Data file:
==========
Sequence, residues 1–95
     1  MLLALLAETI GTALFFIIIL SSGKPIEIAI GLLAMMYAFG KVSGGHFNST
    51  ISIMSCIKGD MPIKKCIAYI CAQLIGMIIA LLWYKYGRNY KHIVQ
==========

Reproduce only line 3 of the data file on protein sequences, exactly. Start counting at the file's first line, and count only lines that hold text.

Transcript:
    51  ISIMSCIKGD MPIKKCIAYI CAQLIGMIIA LLWYKYGRNY KHIVQ